Whatever did people do with themselves all day before social media and streaming video? Before TV, film, and radio? If you were most people in Europe, before various revolutions, you worked from dawn to dusk and collapsed in bed, with rare holidays to break up the monotony.
But if you were an aristocrat, you not only had the pleasures of juicy gossip, lively correspondence, and bawdy novels to look forward to, but you might also—just as millions do now—encounter such pleasures while gaming.
The gaming technology of the time was all handcrafted, and said aristocrats might find themselves trading wicked barbs while seated around the height of tech above, a table that unfolds a series of leaves to reveal a felt surface for card games, a board for chess or checkers, and a leather writing surface that offers the option of a bookrest, for propping up a scandalous book of verse.
If you think that’s impressive, the table hasn’t finished yet. It further opens into a backgammon board, with sliding lids revealing compartments for game pieces. Then, the whole thing folds back to its size as a small side table, with detachable legs that can be stored inside it for easy portage.
The animated video of the ultimate 18th century gaming system at the top comes to us from the Metropolitan Museum of Art, demonstrating a piece in their collection designed by German cabinetmaker David Roentgen that “once graced the intimate interior of an aristocratic European home.” Not to be outdone, the Getty Museum brings us the 3D animation above of an 18th-century French mechanical table, with intricate workings designed by Jean-François Oeben.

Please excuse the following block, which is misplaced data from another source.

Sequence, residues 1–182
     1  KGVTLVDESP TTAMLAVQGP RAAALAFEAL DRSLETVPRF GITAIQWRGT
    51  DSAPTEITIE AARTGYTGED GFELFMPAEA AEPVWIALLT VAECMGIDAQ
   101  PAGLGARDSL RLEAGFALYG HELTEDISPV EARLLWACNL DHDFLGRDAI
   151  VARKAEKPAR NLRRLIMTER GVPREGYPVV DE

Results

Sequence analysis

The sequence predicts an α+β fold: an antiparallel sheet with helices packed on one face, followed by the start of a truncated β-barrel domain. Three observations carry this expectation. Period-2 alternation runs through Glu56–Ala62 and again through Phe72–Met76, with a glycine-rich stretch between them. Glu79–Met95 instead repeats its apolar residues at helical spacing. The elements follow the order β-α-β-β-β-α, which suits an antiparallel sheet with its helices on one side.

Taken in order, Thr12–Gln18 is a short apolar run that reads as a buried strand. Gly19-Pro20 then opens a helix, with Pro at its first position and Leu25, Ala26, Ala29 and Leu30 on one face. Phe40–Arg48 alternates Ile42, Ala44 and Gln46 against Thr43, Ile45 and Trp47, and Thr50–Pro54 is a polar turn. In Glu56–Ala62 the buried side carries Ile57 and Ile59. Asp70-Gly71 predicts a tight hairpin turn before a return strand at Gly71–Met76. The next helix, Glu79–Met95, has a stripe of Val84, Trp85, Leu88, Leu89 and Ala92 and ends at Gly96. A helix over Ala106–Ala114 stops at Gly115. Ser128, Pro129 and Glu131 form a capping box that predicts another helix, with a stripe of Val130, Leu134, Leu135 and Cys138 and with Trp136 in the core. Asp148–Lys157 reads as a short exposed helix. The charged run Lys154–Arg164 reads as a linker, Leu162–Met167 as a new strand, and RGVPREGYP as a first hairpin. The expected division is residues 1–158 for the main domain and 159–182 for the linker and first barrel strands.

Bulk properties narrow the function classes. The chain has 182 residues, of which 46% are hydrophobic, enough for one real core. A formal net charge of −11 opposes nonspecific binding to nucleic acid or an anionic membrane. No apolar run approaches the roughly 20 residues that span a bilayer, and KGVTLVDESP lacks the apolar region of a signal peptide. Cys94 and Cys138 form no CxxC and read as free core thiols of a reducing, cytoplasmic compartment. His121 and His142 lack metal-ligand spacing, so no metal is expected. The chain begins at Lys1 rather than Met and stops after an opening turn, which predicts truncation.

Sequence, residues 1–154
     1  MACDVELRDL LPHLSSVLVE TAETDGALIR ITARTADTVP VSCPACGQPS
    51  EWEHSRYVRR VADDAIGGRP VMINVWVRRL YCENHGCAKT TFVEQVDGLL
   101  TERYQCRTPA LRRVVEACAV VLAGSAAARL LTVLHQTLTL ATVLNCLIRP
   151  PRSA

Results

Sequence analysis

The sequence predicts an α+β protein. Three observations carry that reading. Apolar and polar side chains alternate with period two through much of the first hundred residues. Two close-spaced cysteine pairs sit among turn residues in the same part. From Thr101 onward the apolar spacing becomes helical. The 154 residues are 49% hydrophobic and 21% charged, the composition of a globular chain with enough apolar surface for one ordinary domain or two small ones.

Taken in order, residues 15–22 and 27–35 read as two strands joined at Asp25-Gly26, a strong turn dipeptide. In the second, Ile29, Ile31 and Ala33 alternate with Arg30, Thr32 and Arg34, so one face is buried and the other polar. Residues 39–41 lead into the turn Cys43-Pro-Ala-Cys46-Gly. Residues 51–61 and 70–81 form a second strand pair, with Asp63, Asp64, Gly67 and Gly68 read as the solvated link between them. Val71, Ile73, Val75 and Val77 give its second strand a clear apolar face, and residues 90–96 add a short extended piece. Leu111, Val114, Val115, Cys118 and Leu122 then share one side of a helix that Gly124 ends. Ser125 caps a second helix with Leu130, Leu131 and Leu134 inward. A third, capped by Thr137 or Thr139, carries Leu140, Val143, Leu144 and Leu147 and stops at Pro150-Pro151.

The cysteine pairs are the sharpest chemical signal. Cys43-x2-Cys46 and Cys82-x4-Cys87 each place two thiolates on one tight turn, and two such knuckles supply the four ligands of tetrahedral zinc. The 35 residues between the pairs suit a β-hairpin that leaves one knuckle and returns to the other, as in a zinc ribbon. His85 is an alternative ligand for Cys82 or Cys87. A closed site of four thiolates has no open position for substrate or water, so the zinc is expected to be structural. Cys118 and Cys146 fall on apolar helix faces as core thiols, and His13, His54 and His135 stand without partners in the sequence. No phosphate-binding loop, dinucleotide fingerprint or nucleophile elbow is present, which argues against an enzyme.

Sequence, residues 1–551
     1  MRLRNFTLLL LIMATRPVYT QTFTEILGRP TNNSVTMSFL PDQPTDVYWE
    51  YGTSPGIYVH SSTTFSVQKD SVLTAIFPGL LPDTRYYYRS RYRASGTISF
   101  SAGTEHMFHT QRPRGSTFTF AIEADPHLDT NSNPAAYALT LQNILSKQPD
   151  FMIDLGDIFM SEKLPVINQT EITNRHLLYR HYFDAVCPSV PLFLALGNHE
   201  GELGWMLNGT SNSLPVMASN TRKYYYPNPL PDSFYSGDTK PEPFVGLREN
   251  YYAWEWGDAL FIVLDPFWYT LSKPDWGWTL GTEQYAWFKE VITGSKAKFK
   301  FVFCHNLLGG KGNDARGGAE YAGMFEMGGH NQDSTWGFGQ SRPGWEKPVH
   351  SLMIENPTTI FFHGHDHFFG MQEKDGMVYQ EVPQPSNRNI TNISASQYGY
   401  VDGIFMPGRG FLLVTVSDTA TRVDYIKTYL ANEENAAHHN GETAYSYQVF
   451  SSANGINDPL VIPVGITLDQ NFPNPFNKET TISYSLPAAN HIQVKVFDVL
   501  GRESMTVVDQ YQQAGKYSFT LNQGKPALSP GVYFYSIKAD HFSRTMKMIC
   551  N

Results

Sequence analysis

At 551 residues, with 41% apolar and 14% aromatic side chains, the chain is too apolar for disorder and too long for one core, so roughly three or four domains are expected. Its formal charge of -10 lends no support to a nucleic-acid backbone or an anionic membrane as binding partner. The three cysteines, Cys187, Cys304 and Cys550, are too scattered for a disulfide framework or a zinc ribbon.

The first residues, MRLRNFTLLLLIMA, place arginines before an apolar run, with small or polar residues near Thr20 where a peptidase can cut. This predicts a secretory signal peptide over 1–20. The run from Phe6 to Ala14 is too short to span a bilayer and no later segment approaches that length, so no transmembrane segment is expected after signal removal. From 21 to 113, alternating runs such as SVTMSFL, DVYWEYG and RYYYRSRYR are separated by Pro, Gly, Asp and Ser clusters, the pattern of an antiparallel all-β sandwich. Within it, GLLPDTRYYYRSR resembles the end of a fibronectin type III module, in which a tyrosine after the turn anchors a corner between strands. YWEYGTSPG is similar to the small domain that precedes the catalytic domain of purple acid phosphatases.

“An affluent lady might spend hours at a fashionable table, engaged in leisure or work,” notes a companion video above. It illustrates the point with a pair of ghostly animated hands composing a letter on the table’s silk writing surface.
One can imagine these hands spilling the ink while opening juniper-scented drawers, and propping up the book stand; losing their place in a book while searching through compartments, early forms of scrolling or opening multiple tabs.
We may now carry mechanical tables in our pockets and rightly think of gaming systems as portals to other worlds, but there’s no denying that these bespoke ancestors of our devices offered plenty of opportunity for pleasant distraction.
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Josh Jones is a writer and musician based in Durham, NC. Follow him at @jdmagness.
“If you were most people in Europe, before various revolutions, you worked from dawn to dusk and collapsed in bed, with rare holidays to break up the monotony.”
This is a nice backdrop to discuss the expansive leisure of the aristocracy, but perhaps is a bit misleading. Most of the people described were forbidden by (protected by?) Sabbath laws that proscribed normal work on one day in seven. [Even many enslaved blacks were exempted from many of their normal duties under colonial slave codes.] Further, days vary in length depending upon the time of year. So winter was a time of relative leisure even amongst many peasants. And summer days, being hot and long, were broken up during the peak of the heat by what has become the European “siesta”. Finally, scholarly surveys of ecclesiastical feast days range from around fifteen annual holidays to as many as two dozen “days off” in some English-speaking countries and colonies.
Admittedly, though, contemporary social commentaries of the seventeenth and eighteenth centuries highlight the large tracts of time spent in “diversions” amongst those wealthy enough to not work…remarkably similar to our own day. Apparently there is nothing new under the sun.